Panagia Episkopi, the Oldest Church on the Island of Santorini – Greek City Times

The oldest church on the island of Santorini is Panagia Episkopi, an ancient Episcopal church from the Middle Byzantine period.

Located in Mesa Gonia at the foot of the mountain, Profitis Ilias, it is dedicated to the Virgin Mary, it was founded at the end of the 11th century by Emperor Alexios I Comnenos.

It is a church with an inscribed cross, four columns and a cupola. Inside are preserved wall paintings of excellent quality and a carved wooden temple (iconostasis), decorated using the mastic wax technique.

Panagia Episkopi

There are two stories why it was built at the end of the 11th century. The first says that an icon of Panagia repeatedly moved from its place on a nearby hillside chapel only to reappear in a different place. The locals understood this as a sign to build a new church for the icon.

Another legend says that Emperor Alexius I Komnenos was the donor of the church because he traveled through all the countryside outside the villages of Gonia and Pyrgos to the church.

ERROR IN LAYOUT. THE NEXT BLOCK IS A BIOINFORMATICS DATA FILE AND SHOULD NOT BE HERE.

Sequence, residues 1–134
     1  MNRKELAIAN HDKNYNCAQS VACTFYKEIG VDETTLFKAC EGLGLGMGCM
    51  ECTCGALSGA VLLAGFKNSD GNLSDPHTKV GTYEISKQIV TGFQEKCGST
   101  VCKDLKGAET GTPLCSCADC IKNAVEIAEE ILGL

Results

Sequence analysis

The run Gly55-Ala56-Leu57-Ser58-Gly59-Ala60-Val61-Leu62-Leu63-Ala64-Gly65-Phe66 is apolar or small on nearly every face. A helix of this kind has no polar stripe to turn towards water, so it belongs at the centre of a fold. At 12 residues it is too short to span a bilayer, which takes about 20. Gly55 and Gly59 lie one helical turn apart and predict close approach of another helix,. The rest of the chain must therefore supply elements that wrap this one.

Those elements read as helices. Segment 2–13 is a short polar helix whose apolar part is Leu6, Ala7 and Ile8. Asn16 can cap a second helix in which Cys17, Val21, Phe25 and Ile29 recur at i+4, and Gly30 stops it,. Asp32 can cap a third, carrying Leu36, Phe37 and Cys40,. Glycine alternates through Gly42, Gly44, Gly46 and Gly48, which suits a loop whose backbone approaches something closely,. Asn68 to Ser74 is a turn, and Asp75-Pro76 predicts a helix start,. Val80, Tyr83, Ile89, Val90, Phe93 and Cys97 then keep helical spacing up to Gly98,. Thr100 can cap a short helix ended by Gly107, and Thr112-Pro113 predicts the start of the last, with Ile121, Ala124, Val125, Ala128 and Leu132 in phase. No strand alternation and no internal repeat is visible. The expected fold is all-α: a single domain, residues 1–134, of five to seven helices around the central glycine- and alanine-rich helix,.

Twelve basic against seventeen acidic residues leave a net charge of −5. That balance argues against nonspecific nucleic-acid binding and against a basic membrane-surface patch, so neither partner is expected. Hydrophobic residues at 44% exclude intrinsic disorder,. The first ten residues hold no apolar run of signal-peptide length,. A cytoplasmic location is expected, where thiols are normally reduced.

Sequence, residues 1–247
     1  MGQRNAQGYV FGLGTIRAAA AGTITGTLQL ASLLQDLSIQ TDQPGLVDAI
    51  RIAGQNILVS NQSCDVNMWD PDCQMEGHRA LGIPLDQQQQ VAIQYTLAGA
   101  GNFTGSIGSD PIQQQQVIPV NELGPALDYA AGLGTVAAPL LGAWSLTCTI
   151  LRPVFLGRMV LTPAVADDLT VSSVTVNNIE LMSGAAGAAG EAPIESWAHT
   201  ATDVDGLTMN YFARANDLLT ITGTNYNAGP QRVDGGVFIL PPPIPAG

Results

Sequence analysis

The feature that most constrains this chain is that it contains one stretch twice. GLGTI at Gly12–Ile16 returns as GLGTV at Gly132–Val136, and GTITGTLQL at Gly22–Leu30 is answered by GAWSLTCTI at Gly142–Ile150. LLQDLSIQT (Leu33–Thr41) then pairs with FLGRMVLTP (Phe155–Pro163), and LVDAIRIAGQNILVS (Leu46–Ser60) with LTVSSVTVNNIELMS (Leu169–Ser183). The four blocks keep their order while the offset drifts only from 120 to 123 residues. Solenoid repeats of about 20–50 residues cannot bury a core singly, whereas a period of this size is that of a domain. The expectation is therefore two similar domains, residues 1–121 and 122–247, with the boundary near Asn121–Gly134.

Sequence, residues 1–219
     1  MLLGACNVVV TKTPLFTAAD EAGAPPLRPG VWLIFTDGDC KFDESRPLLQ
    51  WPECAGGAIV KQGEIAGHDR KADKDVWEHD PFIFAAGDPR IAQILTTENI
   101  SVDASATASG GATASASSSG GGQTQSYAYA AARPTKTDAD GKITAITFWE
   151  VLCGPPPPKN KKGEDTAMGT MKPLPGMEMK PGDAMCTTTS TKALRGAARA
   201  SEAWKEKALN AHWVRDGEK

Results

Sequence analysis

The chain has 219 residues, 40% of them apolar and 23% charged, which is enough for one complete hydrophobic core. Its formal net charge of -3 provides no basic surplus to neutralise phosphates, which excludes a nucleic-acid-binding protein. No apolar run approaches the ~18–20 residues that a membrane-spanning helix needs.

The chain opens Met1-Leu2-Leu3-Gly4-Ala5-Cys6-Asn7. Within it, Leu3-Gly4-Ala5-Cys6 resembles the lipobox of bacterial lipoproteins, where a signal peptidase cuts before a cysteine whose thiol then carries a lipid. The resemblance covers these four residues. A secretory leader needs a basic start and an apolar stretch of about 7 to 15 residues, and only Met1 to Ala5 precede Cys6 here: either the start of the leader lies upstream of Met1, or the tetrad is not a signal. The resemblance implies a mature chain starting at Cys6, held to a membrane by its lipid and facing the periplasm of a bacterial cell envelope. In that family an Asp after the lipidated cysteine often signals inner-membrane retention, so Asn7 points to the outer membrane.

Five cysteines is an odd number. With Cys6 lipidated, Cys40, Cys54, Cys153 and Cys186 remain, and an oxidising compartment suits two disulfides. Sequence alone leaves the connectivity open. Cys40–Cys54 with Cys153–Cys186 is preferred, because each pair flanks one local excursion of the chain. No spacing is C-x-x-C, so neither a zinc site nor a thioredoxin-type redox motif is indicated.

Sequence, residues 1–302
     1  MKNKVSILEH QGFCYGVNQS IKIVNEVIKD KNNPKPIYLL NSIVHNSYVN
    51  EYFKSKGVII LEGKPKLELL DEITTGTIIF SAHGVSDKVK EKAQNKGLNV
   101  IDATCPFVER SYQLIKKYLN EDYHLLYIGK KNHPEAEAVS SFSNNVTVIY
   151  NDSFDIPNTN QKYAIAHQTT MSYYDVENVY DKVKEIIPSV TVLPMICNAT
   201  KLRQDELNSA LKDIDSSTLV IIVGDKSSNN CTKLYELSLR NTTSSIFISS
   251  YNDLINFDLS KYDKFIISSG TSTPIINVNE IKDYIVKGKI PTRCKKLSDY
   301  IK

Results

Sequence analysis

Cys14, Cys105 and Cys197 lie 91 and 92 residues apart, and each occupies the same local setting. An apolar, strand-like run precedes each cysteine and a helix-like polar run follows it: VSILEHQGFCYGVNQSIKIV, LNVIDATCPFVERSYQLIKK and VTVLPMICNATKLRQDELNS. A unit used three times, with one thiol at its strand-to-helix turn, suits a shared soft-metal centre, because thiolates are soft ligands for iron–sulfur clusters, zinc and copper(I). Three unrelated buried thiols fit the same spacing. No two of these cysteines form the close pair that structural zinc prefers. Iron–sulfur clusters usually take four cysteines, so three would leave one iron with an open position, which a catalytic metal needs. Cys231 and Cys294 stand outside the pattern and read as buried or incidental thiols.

After a traditional inscription almost completely destroyed, the church replaced the predecessor of an early Byzantine basilica with three naves in the late 11th and early 12th centuries.

Panagia Episkopi

Since 1207 there is a recorded history of this important and historic church. The Venetians expelled the Orthodox bishop from the island and appointed a Latin bishop. The church was called Panagia Episkopi, as the seat of the expelled Orthodox bishop, while his Latin successor took place at Skaros Rock on the cliffs of the caldera.
Then, at the Orthodox altar of the Panagia Episkopi, a Catholic altar was built.

The next conqueror was the Ottoman Empire in 1537, where the island, along with the entire Aegean Sea, was taken over. After that, the Orthodox bishop returned to Santorini and again accepted the church as the episcopal see.

Catholics did not accept this, mainly because of the value of church property and the income derived from it. The dispute escalated until 1614 when church lands were divided and both denominations were allowed to hold their services in the church.

Panagia Episkopi

The church is considered the best example of traditional ecclesiastical architecture on the island.

On the walls of the interiors, various icon stands are lined up. The most famous icon that remained in the church is that of Panagia Glykofilousa, which is kept in a special case under controlled conditions on the south side of the central space of the church.

The 12th century portrait is considered the church’s most treasured icon as it refers to Mary as “Sweet Kissing Madonna”. The icon shows her embracing Jesus, who caresses her chin.

The church gathers extremely large crowds of locals and visitors on August 15, which is also the feast day of the church.

Martha J. Finley